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Foundling Tales


Sir Peabody:      Lady Befuddled, if I may take the liberty

Lady Befuddled:      Why certainly . . .

Sir Peabody:     Is your little Thomas a very pretty child?

Lady Befuddled:     Why yes, I would say with only two years age he is growing to be rather handsome.

Sir Peabody:     And tell me, you say that he is given all that he desires.

Lady Befuddled: 'Tis true.

Sir Peabody:      And how plentiful are his desires?  Or, should I say, do the number of items add up to great expense?

Lady Befuddled:      Indeed Sir, I’d think you’d already be quite aware of the high position and great wealth of my immediately family and relations.  With us in such high standing, Thomas receives only the best and the best is expensive.

Sir Peabody:      I see.  Madame I am aware of the high position of your family and am only asking these questions to bring us to a point.

Lady Befuddled:      And that . . .


England Foundling Hospital

Sir Peabody:       That 'twould be better if your son had been born an ugly penniless foundling--a tiny orphan with nothing in the world to work with but his hands and head.  You see, Madame, if your son was brought into this world with nothing or shipwrecked on a desert island like Robinson Crusoe2 and stripped of all he had, it would be much  easier  for your dear Thomas to sort out right from wrong, correct manners and  proper notions of justice.  Has Thomas any handicap?                                           

Lady Befuddled:     My Thomas, of course not!

Sir Peabody:     It is perhaps not too late for that; he is only two years into the world.  Handicaps strongly contribute to moral development and growth.  Have you heard the story of Matilda . . . It is too bad Matilda, also known as the Barbadoes Girl, did not have any type of handicap or, for that matter, illness; such states might have saved her from her bad temper--only seven and already completely succumbed to her passions.  ‘Tis true, she did eventually break from her bad humors, but in the meanwhile it was a drudge for the Harewood family to bear.  Here, I’ll just let you read for yourself.  The pages are right over there.  Yes, yes, here we are--Matilda, or, the Barbadoes Girl.  The book is filled with multiple lengthy chapters.  Mrs. Barbara Hoole Hofland6 did do such excellent work putting them together.  Perhaps, for now, due to length, you should simply take a look at a few bits and pieces of chapter one.  I will point out to you those I feel most didactic.  Just pause and take a look.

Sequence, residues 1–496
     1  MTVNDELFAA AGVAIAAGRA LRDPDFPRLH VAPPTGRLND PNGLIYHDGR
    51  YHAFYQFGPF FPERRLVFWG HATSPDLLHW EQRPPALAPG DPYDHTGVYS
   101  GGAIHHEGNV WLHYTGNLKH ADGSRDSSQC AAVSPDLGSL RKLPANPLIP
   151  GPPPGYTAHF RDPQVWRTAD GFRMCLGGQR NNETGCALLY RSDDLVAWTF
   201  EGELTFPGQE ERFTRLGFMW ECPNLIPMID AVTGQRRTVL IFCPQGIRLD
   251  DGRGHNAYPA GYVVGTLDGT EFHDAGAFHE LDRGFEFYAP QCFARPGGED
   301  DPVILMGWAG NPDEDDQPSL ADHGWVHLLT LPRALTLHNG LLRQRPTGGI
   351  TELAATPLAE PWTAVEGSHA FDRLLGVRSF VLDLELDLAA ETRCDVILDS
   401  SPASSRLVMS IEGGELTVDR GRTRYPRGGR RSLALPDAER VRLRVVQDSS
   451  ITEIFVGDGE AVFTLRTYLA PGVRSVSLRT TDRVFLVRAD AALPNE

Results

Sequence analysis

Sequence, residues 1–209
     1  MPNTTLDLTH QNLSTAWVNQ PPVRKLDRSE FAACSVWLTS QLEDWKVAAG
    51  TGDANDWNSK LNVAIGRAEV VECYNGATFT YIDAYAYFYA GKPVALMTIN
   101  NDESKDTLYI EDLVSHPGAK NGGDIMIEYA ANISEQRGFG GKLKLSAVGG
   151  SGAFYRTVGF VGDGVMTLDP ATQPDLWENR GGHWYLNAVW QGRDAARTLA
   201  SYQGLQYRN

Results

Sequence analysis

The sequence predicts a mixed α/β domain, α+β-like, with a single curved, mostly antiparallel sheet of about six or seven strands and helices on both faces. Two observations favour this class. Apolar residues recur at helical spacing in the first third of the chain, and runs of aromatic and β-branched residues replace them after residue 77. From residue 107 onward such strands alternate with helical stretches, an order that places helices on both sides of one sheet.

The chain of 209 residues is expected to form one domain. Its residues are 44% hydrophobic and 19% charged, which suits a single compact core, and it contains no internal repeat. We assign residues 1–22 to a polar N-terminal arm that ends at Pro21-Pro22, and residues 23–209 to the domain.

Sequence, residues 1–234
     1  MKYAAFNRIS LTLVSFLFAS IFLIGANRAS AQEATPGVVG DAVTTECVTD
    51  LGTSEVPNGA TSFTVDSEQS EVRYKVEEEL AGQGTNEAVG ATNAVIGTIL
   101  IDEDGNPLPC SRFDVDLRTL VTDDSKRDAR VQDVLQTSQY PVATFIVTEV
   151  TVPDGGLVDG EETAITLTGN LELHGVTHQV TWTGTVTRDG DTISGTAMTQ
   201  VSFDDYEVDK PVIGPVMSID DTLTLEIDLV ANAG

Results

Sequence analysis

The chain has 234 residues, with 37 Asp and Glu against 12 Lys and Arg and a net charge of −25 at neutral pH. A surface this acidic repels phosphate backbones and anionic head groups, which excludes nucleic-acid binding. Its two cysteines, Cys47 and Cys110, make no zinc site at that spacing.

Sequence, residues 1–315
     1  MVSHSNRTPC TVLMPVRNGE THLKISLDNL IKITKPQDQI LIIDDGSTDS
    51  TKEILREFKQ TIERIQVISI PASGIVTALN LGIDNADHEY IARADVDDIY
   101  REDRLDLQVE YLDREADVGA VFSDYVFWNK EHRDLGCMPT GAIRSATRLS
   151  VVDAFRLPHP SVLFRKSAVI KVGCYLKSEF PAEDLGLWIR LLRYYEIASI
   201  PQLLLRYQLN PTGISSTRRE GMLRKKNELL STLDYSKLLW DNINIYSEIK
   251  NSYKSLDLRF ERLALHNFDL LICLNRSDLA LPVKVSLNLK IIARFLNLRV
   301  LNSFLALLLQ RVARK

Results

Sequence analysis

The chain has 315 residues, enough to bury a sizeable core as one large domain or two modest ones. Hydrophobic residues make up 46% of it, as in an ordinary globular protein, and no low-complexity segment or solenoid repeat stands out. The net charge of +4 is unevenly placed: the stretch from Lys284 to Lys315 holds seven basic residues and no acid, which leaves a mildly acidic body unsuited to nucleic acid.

‘Tis sad to think, Matilda may have continued in these barbarous ways had her father not passed away and she not been sent to the Harewoods.  Death is a sad sad thing, but in times can prove indeed a blessing.  Nevertheless, modesty and a mild temper are key to successful life.  Such example of this is clearly demonstrated in Samuel Richardson’s Pamela. 



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